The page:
Do you know who you are talking to? Are you saying the right things? Is your message getting across? When it comes to customers, no two are alike – or are they? To ensure you have the right answers to these critical questions, I’m going to challenge you over a four part series to really dig deep into your customer knowledge and analytics to see how well you really do know your customers and target prospects. Customer knowledge and expertise can make or break your marketing efforts and the return on your marketing investment. Good times or bad, it can also make or break your business. So stop multi-tasking and focus, take it in and begin the process of knowing where you stand and what your customers look like.
Do you know who you are talking to? For most businesses, especially small businesses, the answer usually comes as John Doe or Sally Smith or Larry at ABC Company with maybe a few additional highlights mixed in. While these may be accurate, they are far from complete. The key to efficient, effective marketing comes from saying the right things at the right time to the right people. To do that, you need know who those people are, what they care about, how they interact and engage with the product or service you deliver and what their needs are in relation to the product or service you sell. You should also know where they are in the lifecycle of their relationship with your business, what they look like as a consumer demographically or business firmographically, and what is the potential future revenue and profit they represent for your company. Having this information can help you understand both who you want as a customer and what customers might want to do business with you. You can get this detail through a process known as segmentation.
This blog series is going to discuss the components of behavioral segmentation - segmentation that helps you get into the head and hearts of your target (not simply just the physical characteristics). For part one, let’s briefly look at three core components of behavioral segmentation and see how they might affect your marketing activities.
First, let’s consider the attitudinal dynamics of your target. This defines the underlying needs of your customers and/or prospects and the attitude they have around the category of products and services you sell. For example, are they focused solely on price or are they more concerned with their cost of ownership over the lifespan of viable use? Taking from this first example, would you focus a marketing message only on price to someone who is really concerned with long term value and cost of ownership? I hope not. Not only would this impact your potential revenue, it could provide your customer with a product or service that doesn’t meet their needs, which could drive dissatisfaction and ultimately cost you future business.
Next let’s move to the behavioral dynamics of our target. This defines how customers transact with your company. Are they one-time buyers or frequent buyers? Do they buy often but in small amounts or are they infrequent buyers that buy a lot when they do buy? The buying behavior can help you determine the frequency of your message and what that message should be throughout cycle of customer engagement. For example, if someone buys only once a year, should you market to them once a week? Probably not. While continuous contact with customers is critical, the right frequency strategy behind that contact will help optimize your spend, secure mindshare and possibly loyalty. Continuing this example, if your customer only buys once a year and your strategy is to connect with them once a month, is your message always about the sale? Unless you are working to expand the portfolio of what they are buying with complementary products, it probably should not be. Why would you try to sell something if you know your customer is not buying? The opportunity here is to offer value added content that makes their experience better or to simply let them know you are there to serve them and you appreciate their business. Then, when buying time rolls around you shift your message on the offer and close the business.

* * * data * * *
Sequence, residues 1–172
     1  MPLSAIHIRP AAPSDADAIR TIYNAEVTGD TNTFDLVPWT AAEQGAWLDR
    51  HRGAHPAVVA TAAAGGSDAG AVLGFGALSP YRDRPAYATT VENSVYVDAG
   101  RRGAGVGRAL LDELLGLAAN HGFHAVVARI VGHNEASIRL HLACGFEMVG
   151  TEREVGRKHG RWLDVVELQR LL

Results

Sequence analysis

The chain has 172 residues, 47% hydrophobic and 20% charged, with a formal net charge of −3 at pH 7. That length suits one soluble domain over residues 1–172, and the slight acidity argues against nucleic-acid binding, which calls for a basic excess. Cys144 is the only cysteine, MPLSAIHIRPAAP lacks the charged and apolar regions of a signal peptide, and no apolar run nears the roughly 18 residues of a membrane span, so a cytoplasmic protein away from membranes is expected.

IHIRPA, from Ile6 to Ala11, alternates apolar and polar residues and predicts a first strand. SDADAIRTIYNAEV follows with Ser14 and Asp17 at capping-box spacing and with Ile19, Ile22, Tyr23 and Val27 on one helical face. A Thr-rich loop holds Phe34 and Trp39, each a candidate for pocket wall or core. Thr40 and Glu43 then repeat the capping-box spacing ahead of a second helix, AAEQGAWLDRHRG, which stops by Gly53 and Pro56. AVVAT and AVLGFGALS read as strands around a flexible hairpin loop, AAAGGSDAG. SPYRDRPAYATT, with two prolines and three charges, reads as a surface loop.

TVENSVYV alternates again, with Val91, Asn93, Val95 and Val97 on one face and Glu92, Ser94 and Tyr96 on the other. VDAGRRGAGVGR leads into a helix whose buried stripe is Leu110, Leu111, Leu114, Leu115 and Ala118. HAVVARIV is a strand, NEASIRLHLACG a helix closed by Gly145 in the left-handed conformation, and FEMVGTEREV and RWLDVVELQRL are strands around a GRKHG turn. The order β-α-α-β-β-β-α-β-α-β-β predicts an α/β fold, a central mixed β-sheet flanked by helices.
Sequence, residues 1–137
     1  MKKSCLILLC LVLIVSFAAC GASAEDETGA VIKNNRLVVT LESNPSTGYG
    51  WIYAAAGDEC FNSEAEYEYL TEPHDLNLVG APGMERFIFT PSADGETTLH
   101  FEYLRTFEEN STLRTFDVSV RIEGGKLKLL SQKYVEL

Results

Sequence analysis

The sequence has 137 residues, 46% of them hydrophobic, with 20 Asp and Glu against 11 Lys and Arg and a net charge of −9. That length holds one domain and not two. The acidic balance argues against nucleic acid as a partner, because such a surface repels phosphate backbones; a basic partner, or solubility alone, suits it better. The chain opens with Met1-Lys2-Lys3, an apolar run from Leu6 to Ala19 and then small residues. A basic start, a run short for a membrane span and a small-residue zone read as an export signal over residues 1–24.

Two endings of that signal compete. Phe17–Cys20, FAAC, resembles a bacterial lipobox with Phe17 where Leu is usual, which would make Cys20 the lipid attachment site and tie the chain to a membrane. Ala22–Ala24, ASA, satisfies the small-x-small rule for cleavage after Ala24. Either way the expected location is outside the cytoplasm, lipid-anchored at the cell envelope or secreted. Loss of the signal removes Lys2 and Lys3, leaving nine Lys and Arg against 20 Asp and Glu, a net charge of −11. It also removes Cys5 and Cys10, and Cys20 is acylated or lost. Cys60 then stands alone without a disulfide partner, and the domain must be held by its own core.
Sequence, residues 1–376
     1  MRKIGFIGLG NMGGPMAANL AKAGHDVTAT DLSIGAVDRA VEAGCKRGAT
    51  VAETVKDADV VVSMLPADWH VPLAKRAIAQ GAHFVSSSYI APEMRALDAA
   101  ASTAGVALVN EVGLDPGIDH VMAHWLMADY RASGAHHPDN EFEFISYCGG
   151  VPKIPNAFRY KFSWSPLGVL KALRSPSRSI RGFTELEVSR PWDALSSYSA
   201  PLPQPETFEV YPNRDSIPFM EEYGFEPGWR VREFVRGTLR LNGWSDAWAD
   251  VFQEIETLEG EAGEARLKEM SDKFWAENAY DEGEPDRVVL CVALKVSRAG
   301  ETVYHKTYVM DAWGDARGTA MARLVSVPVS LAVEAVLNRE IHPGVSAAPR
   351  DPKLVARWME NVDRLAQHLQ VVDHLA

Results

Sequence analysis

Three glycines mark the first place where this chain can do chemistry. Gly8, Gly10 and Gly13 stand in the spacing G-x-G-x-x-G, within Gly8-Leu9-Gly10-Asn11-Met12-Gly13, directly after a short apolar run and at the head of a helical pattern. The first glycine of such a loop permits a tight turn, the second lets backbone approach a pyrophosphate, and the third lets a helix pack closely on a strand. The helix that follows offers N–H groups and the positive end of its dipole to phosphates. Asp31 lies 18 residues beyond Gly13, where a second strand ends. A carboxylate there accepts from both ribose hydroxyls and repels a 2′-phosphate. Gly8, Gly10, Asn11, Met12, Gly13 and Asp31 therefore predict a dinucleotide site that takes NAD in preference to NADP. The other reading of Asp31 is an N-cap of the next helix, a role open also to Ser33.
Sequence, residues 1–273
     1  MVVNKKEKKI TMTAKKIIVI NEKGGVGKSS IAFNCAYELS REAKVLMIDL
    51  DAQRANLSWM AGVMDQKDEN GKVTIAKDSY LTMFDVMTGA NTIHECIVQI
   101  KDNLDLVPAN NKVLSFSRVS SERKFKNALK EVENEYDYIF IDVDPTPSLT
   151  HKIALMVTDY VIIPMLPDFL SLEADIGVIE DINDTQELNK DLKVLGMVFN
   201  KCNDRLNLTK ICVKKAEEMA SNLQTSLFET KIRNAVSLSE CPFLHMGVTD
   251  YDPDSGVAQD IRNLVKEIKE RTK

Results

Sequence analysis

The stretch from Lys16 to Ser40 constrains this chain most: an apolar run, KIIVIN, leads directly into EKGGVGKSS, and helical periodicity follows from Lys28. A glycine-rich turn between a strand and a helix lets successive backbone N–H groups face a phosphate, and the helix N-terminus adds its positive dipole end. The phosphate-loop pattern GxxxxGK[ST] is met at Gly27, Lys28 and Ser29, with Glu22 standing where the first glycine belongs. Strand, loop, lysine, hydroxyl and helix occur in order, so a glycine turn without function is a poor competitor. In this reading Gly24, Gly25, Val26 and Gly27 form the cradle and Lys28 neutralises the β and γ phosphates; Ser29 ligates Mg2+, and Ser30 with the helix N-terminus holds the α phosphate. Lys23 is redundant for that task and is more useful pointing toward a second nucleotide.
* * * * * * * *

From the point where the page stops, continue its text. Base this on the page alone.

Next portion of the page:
Our third trait brings into consideration the lifecycle of your relationship with your customer. What is the customer’s history with the company? Are they a new or existing customer? Do they present an opportunity for additional growth or are they at-risk for loss to a competitor? This piece of the segmentation helps you do things like identify offers or programs that are relevant to the conversation. It doesn’t mean that your offer is always different, it could simply be the language you use or the program name you select. For example, a new customer could get 30 percent off their first purchase to get them in the door. Then, after they’ve done business with you for some time as a loyal customer they could get 10 percent off for meeting specific buying patterns or volume attainment, etc. In either case, your verbiage should reflect your understanding of the value of that customer as a new opportunity or a valued client.
As you think about these three initial traits of our segmentation discussion, truly consider how much of each of these you know across your customer base. If not your entire customer base, think about the consumers or businesses you consider to be your best customers. Do you know this information about them? If not, you have a great opportunity to hone your marketing skills. Think about it, if you could get more customers, who would you want them to look like, your best or your worst customers? This is what I mean when I question the statement that no two customers look alike. You want as many customers as you can that all fit into a tiny box you call your best customer base.
Our next discussion will cover the remaining three areas of segmentation.